What we say is what will happen. Even water becomes more delicious if it's appreciated. But if you complain that it is dirty, it actually turns murkier. Same with humans: If one is loved, he or she gets better and those who are put down fall behind.
People do just about anything to save their independence. My mother used to be very protective of me. I had to tell her where I went and with whom, since she wanted to know every detail of my life. I didn't mind because she was my mother. This went on till she was 79, by which time her legs were getting so weak that I recommended she move in with us. Instead she started dancing to strengthen her legs; suddenly she changed. Today, at 81, she's often out till 1 or 2 a.m. singing at karaoke bars and dancing the night away. Of course, she lives alone and since she doesn't want to share all the details of her life with us, she stopped asking me about mine, too.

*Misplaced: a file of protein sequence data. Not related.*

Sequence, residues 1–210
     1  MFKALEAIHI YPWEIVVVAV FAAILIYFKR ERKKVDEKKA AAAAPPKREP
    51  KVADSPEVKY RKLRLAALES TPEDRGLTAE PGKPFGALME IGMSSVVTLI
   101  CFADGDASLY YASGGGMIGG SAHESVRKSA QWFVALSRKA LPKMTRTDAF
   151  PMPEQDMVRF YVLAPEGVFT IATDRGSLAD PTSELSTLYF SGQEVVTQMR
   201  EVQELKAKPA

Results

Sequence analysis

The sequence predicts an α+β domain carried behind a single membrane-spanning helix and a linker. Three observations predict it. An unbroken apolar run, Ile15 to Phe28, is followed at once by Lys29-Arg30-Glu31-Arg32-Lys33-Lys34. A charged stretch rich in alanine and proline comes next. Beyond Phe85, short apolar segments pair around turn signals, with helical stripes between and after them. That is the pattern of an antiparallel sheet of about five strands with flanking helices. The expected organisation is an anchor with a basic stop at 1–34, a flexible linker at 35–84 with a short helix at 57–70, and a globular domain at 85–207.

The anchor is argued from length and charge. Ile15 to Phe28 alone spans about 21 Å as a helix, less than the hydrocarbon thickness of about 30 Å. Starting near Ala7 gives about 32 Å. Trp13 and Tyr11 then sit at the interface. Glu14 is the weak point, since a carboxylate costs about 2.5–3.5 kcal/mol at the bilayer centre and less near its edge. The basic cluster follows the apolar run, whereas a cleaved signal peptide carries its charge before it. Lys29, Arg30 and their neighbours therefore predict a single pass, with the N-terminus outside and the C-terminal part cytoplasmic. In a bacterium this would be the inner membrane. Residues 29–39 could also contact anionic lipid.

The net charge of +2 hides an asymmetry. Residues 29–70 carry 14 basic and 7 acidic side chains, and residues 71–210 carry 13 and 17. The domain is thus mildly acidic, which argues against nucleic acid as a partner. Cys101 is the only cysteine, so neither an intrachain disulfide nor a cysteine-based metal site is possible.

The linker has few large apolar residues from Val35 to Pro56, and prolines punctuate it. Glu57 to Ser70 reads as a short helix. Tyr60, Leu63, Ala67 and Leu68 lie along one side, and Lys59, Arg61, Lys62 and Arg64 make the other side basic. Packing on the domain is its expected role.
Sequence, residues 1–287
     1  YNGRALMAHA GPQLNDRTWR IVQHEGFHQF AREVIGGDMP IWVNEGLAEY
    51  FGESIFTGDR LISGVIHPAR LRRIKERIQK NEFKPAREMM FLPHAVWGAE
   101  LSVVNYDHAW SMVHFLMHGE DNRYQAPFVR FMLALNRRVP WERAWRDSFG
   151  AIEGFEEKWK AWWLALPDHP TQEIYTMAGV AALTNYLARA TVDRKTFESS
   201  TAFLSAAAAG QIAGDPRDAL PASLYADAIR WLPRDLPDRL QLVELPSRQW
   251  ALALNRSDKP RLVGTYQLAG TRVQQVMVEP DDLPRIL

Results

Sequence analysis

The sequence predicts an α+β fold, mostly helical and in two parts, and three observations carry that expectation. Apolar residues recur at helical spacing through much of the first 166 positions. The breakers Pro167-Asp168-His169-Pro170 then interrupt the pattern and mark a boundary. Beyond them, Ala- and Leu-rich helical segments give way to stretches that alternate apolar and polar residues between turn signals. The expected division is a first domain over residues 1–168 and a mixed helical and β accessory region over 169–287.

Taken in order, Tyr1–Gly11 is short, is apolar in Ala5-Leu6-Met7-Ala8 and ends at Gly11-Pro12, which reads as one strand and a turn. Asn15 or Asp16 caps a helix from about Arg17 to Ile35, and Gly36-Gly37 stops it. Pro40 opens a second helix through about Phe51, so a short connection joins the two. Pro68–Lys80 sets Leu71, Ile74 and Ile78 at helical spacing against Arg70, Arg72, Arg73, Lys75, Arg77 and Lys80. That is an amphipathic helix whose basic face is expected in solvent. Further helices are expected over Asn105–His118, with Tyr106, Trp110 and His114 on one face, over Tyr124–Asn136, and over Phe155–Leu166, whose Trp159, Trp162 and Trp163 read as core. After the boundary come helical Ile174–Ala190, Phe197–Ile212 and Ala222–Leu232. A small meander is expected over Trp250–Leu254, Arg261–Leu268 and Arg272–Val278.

Information appears when we are looking for it. When I was searching for ways to improve my company, I visited Kyushu to climb some mountains and meditate. At the airport I met by chance a woman who kindly offered to drive me to my hotel. I was obviously ready to meet her — she turned out to be my greatest spiritual guide and friend. We had to connect and we did.
There is no escape from love, fortunately. I had many arranged meetings for prospective husbands, but I didn't like any of them. To elude the torture of further arranged meetings, I decided to quit university since I thought most men wanted a wife with a diploma and not one with a high degree of freedom. I didn't tell my parents what I was doing — only my professor knew, and he helped look for a job for me. As I was a dropout, I thought I was safe, but one man kept asking me to marry him. Even after I refused him four times, he insisted that he was never going to love or marry anyone else except me. I was 20 and asked a 91-year-old man what he thought of my suitor. He recommended that I marry him. I did, luckily. He was the greatest man and we had 31 years together before he passed away. He is always with me, even now.